Olivia, from whom we heard last week, has written about some porcelain which caught her eye…
I was fascinated by figures in the ceramics gallery, in particular the Five Senses from the Bow factory in the mid-eighteenth century, which was a porcelain factory that specialised in the manufacture of early soft-paste porcelain in Great Britain. The way that the abstract senses — touch, taste, hearing, sight and smell — are personified through a set of English porcelain figures is intriguing. These five emblematic figures, each with a distinctive pose, are all depicted in an intensely lively way, as if they are able to move at a next glance. The one that I found most interesting is Taste (the second one from left to right), which is represented as a seated youth drinking a blue glass of wine. The space between the glass and the boy’s mouth creates a subtle suspension, augmenting the effect of the illusion of movement. The other figures are also appealing and characteristic. Touch is portrayed as caressing a dog tenderly while Hearing revels in playing his lute. Sight is caught at the middle of her toilette, gazing into a mirror and Smell is depicted with a slight twist in her body, who gently turns her head as if being absorbed by some peculiar smell. Following the principle of the porcelain manufacture at the time, the figures are all set on high bases, which appear to resemble the curly shape of waves and are decorated with floral patterns. This set of allegorical figures also has an immensely ornamental function, which is shown through the delicate glazing and colouring. The costume of the figures are all painted with elegant flowers and decorative motifs by skilled hands. The material of porcelain allows a smooth and shiny surface, which perfectly fits with tranquil and serene atmosphere of the ceramics gallery.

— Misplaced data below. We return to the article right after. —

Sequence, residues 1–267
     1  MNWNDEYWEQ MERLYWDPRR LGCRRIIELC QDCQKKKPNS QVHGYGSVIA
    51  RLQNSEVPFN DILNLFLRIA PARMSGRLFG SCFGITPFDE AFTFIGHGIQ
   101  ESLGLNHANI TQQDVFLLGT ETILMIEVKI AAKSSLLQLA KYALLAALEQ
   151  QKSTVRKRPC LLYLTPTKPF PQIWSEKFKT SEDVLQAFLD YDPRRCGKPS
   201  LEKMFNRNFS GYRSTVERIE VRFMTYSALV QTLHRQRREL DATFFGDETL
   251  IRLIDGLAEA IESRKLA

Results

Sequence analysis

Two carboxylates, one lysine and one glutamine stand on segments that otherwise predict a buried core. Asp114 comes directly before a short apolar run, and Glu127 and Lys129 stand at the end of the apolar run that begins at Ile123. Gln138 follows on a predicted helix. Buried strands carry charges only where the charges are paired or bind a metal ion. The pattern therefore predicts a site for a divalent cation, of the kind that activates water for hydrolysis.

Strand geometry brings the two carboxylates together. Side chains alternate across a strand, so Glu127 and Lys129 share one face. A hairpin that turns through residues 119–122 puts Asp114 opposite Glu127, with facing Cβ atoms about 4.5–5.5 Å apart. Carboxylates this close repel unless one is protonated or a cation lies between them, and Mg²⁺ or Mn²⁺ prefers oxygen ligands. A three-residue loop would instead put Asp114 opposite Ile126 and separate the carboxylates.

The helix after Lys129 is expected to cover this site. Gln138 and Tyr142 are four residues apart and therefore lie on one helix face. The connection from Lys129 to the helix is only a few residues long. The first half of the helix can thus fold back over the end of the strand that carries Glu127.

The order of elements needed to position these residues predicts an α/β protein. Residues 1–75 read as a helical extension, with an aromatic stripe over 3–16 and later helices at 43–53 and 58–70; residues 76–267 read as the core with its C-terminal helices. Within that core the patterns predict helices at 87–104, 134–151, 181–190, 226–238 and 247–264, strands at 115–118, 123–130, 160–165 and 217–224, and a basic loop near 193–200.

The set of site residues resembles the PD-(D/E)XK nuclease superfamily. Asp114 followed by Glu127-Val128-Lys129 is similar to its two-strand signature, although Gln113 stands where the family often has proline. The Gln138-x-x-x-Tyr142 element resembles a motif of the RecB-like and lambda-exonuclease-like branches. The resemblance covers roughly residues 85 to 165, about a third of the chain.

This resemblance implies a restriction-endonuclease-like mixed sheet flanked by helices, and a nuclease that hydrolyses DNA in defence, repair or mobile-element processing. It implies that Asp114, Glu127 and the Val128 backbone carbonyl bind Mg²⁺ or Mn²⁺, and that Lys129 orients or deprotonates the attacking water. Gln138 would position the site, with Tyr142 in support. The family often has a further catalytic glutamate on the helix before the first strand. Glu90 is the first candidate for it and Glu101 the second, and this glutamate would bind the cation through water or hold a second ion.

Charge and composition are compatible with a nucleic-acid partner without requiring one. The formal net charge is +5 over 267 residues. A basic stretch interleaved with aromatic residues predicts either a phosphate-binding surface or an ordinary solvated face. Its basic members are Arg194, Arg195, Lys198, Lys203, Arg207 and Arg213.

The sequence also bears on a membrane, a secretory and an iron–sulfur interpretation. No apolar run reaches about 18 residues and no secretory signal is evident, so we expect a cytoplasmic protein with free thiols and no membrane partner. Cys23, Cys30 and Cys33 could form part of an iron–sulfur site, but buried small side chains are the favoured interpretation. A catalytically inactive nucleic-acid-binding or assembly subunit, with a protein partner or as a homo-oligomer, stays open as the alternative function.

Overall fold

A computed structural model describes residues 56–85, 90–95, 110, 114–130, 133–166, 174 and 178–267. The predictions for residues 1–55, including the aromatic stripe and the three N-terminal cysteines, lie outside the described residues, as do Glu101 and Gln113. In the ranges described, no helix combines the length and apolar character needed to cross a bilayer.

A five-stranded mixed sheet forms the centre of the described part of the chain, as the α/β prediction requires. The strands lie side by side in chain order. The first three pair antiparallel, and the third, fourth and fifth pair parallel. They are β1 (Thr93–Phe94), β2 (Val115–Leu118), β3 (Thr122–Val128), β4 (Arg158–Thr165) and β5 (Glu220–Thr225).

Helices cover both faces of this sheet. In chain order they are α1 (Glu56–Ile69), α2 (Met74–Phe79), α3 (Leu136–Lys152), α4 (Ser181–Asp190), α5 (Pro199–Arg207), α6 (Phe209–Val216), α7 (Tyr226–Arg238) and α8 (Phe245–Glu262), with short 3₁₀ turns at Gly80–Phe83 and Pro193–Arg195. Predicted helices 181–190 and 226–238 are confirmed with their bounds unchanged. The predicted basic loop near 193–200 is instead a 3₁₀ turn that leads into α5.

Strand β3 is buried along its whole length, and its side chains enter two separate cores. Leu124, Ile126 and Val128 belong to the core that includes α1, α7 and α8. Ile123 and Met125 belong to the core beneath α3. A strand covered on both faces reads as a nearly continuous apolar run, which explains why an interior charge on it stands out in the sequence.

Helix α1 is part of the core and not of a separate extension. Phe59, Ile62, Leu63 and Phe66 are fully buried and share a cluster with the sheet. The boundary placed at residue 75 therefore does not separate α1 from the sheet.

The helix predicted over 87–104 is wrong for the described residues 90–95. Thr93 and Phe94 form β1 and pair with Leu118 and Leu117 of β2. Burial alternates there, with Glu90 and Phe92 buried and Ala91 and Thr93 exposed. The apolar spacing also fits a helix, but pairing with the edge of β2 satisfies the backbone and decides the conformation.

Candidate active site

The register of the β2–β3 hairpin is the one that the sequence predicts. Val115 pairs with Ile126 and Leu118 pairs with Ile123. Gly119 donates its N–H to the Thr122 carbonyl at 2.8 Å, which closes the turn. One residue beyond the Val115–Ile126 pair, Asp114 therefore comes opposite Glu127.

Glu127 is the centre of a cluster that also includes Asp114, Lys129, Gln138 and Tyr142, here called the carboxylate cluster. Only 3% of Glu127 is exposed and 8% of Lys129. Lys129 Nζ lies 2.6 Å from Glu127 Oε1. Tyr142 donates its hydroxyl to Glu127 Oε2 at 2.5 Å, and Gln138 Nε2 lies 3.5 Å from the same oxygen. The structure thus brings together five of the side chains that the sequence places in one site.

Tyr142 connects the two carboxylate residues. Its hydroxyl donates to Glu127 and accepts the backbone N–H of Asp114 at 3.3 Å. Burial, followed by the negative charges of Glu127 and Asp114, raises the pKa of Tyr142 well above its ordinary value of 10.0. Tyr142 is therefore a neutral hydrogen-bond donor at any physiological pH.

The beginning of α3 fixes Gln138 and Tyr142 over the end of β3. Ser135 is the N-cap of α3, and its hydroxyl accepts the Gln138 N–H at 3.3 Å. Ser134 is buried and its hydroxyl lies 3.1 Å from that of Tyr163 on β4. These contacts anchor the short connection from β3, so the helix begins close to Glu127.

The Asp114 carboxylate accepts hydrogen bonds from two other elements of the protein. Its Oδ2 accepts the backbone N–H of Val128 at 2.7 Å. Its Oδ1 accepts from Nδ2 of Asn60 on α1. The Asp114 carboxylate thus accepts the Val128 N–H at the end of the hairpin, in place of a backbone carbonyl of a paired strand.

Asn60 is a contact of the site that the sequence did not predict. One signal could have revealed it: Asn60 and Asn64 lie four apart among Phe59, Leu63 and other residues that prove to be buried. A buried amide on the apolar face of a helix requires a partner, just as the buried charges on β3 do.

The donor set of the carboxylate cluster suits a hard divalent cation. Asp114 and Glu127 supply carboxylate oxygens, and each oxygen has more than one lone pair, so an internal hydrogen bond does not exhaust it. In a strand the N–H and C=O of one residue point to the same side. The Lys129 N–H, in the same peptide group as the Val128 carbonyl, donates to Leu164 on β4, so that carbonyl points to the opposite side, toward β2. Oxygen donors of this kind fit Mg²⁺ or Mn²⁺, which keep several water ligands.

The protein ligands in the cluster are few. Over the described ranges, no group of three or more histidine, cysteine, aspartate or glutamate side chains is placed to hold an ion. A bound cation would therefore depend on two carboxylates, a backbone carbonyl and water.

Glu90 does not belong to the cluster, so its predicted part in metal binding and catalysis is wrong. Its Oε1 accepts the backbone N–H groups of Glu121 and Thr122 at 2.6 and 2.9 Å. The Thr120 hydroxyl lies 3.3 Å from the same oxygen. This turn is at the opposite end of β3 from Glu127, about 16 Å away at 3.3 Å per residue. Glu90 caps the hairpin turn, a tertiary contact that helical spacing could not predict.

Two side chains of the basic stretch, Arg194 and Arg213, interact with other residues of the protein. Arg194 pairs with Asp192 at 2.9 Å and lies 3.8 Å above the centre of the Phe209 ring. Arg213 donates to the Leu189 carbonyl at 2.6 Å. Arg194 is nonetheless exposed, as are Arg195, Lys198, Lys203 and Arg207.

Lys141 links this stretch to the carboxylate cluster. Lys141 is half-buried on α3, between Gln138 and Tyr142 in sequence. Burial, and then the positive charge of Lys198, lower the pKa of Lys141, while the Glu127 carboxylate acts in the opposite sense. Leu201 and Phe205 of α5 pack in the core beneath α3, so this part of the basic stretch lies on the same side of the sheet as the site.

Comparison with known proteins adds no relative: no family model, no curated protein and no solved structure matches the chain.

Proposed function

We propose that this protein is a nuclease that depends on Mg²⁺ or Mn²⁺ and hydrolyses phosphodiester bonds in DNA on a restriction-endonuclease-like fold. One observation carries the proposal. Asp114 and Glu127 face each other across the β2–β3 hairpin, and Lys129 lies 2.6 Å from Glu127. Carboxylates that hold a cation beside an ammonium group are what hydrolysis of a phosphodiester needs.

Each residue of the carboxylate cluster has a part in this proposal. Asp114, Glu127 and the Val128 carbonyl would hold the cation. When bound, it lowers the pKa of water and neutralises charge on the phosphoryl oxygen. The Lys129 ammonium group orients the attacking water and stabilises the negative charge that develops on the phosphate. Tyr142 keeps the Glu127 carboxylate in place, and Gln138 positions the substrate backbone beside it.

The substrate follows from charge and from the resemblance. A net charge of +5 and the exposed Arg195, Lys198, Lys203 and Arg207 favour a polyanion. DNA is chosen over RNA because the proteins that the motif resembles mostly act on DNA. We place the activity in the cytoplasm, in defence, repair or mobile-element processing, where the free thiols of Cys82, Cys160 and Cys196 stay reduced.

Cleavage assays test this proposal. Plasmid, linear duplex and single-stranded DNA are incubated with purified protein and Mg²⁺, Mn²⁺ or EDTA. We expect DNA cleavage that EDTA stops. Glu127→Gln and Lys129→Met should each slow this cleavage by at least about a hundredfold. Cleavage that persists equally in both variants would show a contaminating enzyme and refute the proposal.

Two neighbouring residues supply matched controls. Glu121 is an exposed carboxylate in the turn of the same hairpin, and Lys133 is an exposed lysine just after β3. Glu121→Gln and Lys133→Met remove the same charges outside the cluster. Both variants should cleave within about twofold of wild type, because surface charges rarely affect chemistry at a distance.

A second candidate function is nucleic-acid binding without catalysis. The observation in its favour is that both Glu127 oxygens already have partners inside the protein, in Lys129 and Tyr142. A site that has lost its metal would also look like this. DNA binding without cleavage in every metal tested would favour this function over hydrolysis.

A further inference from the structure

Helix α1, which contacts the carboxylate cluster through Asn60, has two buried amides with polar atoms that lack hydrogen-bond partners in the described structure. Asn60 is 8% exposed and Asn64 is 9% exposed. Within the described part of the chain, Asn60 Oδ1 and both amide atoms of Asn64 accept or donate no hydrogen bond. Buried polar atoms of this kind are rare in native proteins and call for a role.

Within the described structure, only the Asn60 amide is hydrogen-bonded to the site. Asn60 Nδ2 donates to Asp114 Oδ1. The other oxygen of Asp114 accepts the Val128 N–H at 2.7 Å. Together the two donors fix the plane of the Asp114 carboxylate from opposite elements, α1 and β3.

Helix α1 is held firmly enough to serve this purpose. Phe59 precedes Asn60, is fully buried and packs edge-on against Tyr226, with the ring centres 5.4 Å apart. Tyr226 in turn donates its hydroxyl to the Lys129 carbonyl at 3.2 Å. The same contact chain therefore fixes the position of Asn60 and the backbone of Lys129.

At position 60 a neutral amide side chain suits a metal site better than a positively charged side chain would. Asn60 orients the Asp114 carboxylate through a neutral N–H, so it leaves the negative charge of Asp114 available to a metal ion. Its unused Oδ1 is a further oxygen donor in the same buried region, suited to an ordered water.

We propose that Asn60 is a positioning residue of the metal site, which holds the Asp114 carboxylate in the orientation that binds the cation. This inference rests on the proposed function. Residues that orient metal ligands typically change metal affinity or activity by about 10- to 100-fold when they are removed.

I think this will have us all going up to look at the ceramics again…!